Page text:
Plunging oil prices may trigger unrest

Low oil prices are a double-edged sword
Low oil prices are a double-edged sword

A global glut of oil will persist next year, putting further pressure on prices and raising the risk of unrest in some producing countries.

That's the stark warning from the Paris-based International Energy Agency, which on Friday cut its forecast for global demand growth in 2015. It now sees demand growing by less than 1% next year.

Oil prices have already fallen by more than 40% in six months, but there's little sign of that stimulating demand yet, or constraining production enough to remove excess supply.

"Oil price drops are sometimes described as a 'tax cut' and a boon for the economy, but this time round their stimulus effect may be modest," said the agency, which monitors energy market trends for 29 of the world's wealthiest nations.

U.S. crude prices fell again on Friday to around $59 a barrel.

oil prices fall

So what's stopping market forces bringing supply and demand back into line? Here are five key reasons the agency identified in its monthly report:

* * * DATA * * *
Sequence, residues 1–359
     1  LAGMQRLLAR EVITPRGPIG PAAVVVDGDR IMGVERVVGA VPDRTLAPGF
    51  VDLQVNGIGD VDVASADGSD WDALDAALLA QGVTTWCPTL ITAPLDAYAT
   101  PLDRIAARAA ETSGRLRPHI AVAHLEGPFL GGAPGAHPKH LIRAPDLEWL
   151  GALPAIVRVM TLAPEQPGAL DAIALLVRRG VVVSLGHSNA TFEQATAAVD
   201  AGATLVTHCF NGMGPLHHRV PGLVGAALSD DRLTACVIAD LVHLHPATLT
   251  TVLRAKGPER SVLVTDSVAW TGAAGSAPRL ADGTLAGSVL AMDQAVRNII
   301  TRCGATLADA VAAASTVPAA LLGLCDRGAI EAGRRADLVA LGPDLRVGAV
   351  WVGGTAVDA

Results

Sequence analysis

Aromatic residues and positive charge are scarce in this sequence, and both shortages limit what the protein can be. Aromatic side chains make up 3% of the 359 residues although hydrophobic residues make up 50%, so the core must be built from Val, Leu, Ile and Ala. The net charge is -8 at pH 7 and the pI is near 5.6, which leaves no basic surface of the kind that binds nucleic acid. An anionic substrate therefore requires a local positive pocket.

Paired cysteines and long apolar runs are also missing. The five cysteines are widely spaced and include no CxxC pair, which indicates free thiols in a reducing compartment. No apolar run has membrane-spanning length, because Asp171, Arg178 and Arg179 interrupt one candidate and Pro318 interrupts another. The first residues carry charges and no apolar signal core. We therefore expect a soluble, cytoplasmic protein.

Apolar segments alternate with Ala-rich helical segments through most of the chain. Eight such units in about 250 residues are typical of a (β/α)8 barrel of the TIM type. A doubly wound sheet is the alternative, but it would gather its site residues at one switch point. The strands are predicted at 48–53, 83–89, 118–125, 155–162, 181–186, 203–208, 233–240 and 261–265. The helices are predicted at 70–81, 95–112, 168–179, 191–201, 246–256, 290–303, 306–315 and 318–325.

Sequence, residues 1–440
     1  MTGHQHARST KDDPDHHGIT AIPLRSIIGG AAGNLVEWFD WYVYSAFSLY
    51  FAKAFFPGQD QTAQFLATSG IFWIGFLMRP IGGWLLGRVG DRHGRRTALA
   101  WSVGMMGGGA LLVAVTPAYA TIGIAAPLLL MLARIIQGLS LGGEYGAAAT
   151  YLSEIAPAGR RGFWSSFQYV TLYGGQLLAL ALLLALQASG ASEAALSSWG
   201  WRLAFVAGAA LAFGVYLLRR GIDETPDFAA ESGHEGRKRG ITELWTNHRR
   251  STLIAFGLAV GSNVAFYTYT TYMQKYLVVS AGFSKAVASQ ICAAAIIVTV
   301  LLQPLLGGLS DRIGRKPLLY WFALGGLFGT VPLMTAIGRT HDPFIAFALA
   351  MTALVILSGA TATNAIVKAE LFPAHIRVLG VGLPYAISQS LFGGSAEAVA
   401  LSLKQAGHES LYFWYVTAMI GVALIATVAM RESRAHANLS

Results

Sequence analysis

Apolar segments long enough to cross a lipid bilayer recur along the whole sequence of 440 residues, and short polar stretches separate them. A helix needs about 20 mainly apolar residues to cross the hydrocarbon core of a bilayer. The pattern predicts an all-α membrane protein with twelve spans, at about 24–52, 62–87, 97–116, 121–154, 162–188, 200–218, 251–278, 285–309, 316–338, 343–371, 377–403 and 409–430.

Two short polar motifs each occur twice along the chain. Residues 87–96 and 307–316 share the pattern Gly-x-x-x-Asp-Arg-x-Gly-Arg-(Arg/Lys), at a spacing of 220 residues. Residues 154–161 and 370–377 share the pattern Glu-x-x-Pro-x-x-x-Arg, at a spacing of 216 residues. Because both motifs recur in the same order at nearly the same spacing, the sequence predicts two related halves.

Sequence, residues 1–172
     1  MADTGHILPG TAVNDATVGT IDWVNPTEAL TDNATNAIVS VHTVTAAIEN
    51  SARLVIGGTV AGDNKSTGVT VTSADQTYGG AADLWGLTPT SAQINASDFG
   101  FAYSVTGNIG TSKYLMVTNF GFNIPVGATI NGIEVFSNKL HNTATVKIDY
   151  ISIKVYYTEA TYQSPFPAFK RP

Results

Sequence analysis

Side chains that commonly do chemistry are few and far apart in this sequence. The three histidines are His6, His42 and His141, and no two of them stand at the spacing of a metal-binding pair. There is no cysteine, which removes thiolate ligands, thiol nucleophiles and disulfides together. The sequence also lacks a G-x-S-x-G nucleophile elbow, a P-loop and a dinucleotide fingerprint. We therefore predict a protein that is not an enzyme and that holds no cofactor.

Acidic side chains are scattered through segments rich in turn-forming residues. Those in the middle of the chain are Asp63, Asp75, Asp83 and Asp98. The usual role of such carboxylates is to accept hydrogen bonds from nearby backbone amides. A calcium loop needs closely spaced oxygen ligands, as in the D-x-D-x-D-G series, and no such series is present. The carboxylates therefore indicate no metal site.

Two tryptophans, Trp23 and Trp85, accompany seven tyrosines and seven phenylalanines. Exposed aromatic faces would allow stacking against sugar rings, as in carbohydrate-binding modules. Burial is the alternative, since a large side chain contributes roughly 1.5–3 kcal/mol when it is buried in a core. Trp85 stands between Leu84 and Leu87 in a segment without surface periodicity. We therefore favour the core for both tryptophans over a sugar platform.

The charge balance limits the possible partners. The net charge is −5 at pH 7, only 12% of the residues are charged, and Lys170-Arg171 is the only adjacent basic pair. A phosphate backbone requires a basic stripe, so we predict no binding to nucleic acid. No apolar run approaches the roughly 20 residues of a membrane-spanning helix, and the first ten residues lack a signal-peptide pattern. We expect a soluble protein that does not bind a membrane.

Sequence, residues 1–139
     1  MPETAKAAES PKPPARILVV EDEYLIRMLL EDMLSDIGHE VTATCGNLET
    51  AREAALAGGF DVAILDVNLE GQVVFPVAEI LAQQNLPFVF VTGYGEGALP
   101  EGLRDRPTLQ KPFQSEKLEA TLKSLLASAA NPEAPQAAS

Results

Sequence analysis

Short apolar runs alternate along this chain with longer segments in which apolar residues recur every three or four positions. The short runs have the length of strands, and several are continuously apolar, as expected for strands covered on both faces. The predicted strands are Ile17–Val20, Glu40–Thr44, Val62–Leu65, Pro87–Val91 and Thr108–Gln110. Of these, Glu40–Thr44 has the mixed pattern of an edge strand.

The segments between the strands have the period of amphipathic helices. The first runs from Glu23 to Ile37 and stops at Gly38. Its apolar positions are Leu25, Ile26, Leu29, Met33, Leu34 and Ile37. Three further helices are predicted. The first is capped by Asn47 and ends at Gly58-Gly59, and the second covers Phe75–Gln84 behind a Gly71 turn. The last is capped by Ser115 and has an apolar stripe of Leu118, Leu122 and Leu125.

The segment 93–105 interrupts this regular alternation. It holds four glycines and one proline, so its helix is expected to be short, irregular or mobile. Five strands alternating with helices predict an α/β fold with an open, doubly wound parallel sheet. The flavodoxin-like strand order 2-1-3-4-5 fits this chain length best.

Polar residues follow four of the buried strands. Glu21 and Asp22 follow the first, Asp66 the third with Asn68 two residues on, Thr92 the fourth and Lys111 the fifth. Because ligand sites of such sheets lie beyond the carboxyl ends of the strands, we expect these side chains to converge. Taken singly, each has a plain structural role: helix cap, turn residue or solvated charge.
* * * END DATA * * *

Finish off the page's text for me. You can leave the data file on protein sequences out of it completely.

1. While the crash will reduce exports from some countries such as Russia, it will depress their demand too.

2. Consumers who have found ways to use less energy, or alternatives to oil, won't be won back entirely by cheaper prices.

3. Governments in some emerging markets are making use of the opportunity to reduce energy subsidies, meaning users won't get the full benefit of cheaper crude prices. This means they're unlikely to consume more.

4. Weak economic growth in much of the developed world, flat wages and a broader risk of deflation will blunt the stimulus of lower prices.

5. The U.S. energy boom will continue in 2015, albeit at a slightly slower pace than this year.

Without supply disruptions or a cut in OPEC output, that means oil storage in the West could be full to overflowing next year.

That all adds up to a pretty grim outlook for poorer exporting nations, whose economies rely heavily on energy.

"The resulting downward price pressure would raise the risk of social instability or financial difficulties if producers found it difficult to pay back debt," the agency said.

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